Third Sunday of Advent

Third Sunday of Advent

READING Luke 1:46b-55

A reading from Luke

[Mary Said:] My soul proclaims the greatness of the Lord, my spirit rejoices in God my Savior, for you, Lord, have looked with favor on your lowly servant. From this day all generations will call me blessed: you, the Almighty, have done great things for me and holy is your name. You have mercy on those who fear you, from generation to generation. You have shown strength with your arm and scattered the proud in their conceit, casting down the mighty from their thrones and lifting | up the lowly. You have filled the hungry with good things and sent the rich away empty. You have come to the aid of your servant Israel, to remember the promise of mercy, the promise made to our forebears, to Abraham and his children forever. 

GOSPEL READING John 1:6-8; 19-28

The Holy Gospel according to John. Glory to you, O Lord.

There was a man sent from God, whose name was John. He came as a witness to testify to the light, so that all might believe through him. He himself was not the light, but he came to testify to the light. This is the testimony given by John when the Jews sent priests and Levites from Jerusalem to ask him, “Who are you?” He confessed and did not deny it, but confessed, “I am not the Messiah.” And they asked him, “What then? Are you Elijah?” He said, “I am not.” “Are you the prophet?” He answered, “No.” Then they said to him, “Who are you? Let us have an answer for those who sent us. What do you say about yourself?” 

He said, “I am the voice of one crying out in the wilderness, ‘Make straight the way of the Lord,’ ” as the prophet Isaiah said. Now they had been sent from the Pharisees. They asked him, “Why then are you baptizing if you are neither the Messiah, nor Elijah, nor the prophet?” John answered them, “I baptize with water. Among you stands one whom you do not know, the one who is coming after me; I am not worthy to untie the thong of his sandal.” This took place in Bethany across the Jordan where John was baptizing.

The Gospel of the Lord. Praise to you, O Christ.

Now let the words of my mouth and the meditations of our hearts be acceptable to you O Lord, our strength and Redeemer


Writer M. Scott Peck tells a fable, in one of his books, of an old monastery that was facing imminent closure, as the five remaining monks were elderly and there were no signs of interest from younger generations. Distraught about the coming death of his community, the abbot seeks advice from a neighboring rabbi, who replies, “I have no advice to give. The only thing I can tell you is that the Messiah is one of you.”

The confused abbot returns home and shares this curious message with his fellow monks. They spend the next several months ruminating on this idea: Which of us could be the messiah? Is it him? Is it me? They begin to think differently about each other, about the qualities each one exhibits. As they do, they begin to treat each other, and each one himself, with the respect they would give to the Messiah.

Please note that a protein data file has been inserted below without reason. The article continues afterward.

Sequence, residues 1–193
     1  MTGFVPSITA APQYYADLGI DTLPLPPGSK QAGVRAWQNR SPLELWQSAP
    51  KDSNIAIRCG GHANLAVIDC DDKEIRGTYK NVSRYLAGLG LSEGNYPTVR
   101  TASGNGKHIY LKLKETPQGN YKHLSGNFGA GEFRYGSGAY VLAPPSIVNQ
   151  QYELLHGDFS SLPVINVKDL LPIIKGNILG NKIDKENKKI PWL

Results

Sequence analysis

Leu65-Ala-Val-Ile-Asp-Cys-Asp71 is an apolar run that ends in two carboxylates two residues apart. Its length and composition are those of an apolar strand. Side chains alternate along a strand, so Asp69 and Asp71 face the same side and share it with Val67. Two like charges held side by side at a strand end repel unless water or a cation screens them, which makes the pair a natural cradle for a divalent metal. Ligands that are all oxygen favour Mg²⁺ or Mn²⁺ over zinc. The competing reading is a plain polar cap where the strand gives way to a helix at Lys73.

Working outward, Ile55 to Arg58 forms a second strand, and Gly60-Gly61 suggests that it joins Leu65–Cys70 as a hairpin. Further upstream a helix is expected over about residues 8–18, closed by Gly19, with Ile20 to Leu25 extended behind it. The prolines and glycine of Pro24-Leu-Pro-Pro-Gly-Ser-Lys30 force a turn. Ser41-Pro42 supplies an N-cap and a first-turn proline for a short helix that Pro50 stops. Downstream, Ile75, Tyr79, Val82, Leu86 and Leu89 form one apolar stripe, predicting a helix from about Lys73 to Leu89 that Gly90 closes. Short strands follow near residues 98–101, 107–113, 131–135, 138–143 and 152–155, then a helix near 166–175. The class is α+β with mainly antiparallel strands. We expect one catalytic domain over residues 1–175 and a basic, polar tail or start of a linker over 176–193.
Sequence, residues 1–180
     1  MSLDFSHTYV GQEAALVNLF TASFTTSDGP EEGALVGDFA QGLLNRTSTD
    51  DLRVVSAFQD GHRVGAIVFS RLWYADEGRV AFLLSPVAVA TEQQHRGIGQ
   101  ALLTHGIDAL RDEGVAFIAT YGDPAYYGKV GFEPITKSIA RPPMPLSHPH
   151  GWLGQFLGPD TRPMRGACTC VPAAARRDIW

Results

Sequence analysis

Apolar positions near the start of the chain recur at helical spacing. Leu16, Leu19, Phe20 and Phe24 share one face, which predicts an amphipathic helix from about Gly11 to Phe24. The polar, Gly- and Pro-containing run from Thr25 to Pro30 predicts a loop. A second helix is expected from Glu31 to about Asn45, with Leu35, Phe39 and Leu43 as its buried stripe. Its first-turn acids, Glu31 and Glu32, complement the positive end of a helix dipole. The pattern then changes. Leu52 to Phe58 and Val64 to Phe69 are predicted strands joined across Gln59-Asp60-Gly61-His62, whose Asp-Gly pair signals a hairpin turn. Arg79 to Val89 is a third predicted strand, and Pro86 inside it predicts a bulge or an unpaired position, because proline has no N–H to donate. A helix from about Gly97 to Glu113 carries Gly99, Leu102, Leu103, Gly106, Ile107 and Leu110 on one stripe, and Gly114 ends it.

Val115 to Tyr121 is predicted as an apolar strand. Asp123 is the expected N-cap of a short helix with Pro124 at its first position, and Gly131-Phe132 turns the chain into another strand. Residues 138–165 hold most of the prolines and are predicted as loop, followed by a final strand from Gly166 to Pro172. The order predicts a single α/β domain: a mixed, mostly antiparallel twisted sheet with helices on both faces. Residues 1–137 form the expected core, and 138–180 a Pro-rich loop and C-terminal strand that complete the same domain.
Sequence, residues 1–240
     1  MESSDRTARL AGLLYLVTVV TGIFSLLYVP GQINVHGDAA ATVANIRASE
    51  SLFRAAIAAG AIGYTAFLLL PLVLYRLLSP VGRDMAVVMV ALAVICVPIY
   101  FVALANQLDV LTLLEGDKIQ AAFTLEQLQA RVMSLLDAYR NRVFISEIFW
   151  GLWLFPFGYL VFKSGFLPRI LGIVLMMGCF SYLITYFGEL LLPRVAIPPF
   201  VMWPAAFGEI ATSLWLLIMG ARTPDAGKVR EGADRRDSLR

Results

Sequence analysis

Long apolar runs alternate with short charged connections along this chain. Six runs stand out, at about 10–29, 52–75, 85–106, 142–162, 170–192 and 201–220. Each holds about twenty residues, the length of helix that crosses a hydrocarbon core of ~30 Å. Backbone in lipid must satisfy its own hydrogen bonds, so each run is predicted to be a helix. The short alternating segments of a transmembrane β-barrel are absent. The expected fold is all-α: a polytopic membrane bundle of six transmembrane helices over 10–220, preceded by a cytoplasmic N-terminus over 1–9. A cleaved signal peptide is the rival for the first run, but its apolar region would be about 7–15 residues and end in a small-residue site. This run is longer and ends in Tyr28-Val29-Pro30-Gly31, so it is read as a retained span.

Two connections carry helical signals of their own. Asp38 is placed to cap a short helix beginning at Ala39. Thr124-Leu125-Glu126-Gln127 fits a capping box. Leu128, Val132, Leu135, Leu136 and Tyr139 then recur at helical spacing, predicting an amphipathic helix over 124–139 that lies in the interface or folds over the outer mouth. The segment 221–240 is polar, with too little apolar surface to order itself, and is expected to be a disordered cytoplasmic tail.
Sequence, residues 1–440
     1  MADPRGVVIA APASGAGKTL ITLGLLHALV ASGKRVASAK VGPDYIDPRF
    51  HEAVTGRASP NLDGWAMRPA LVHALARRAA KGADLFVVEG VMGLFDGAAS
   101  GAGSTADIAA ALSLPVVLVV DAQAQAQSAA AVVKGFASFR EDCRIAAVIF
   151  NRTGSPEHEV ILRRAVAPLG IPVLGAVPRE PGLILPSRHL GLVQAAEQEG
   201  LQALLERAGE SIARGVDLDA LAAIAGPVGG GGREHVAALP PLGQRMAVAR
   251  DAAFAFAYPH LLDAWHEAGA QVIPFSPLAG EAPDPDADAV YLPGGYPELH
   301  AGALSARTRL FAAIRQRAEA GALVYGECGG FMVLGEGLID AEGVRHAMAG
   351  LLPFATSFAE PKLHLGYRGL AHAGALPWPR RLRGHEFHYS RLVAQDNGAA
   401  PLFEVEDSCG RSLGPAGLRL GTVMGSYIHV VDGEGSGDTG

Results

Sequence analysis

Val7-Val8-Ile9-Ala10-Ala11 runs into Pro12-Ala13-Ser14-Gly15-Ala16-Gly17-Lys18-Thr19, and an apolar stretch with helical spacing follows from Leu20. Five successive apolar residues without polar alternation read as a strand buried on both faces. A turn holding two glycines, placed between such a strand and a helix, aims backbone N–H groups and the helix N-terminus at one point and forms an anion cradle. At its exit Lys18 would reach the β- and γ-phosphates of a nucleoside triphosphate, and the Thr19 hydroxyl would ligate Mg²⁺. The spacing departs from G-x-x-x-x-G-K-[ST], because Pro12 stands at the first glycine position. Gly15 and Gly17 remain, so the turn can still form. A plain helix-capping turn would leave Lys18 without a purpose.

In the following months and years, visitors to the monastery’s grounds notice a change in the atmosphere. They begin to seek the counsel of the wise, elderly monks. Young men begin to ask if they can join, “thanks to the rabbi’s gift.”


This 3rd weekend’s Advent readings have a very strong prophetic message, especially if the Magnificat is read which it was. The reading from Isaiah provides substance for the voice crying in the wilderness that John the Baptist identifies with. More than last week’s readings, Isaiah 61 makes explicit what Bishop Tutu would call God’s dream: good news for the oppressed, liberty for the captives and release for the prisoners, comfort for the mourners, rebuilding for the ruined cities.

In Mary’s song we have casting down the mighty and the wealthy who abuse their power, lifting up the lowly, filling the hungry with good things. Our stewardship message for us this weekend is shaped by God’s dream of justice. The expectation of Advent is for God’s kingdom to come, for God’s will to be done on earth as in heaven, for God’s dream to come true—and that looks like the hungry being fed, the prisoners being freed, the oppressed being liberated. How do we use our own time and gifts and resources to join in on this vision of liberation and rebuilding?

Like John the Baptizer, we are not ourselves asked to be the light—just to bear witness to the light. Even if we all pull together, all of us Christians, we can’t make God’s dream of justice come true. 

  • We can, though, be a voice in the wilderness calling for a new way.
  • We can with our actions and our gifts bear witness to God’s dream for humanity. 
  • We can join with others to feed the hungry, to work for peace and rebuilding after disasters, to speak out against the policies that have brought long prison sentences to nonviolent offenders.

Advent doesn’t only look forward to Christmas as the remembrance of Jesus’ birth; it also looks forward to Jesus’ coming again to bring in the kingdom of God, to make God’s dream come true. Stewardship during Advent is using our gifts and spending our money in accordance with this expectation, that Jesus will come again to make the world new. What would we do with all that has been given to us IF we truly lived in this expectation, that the world is about to turn?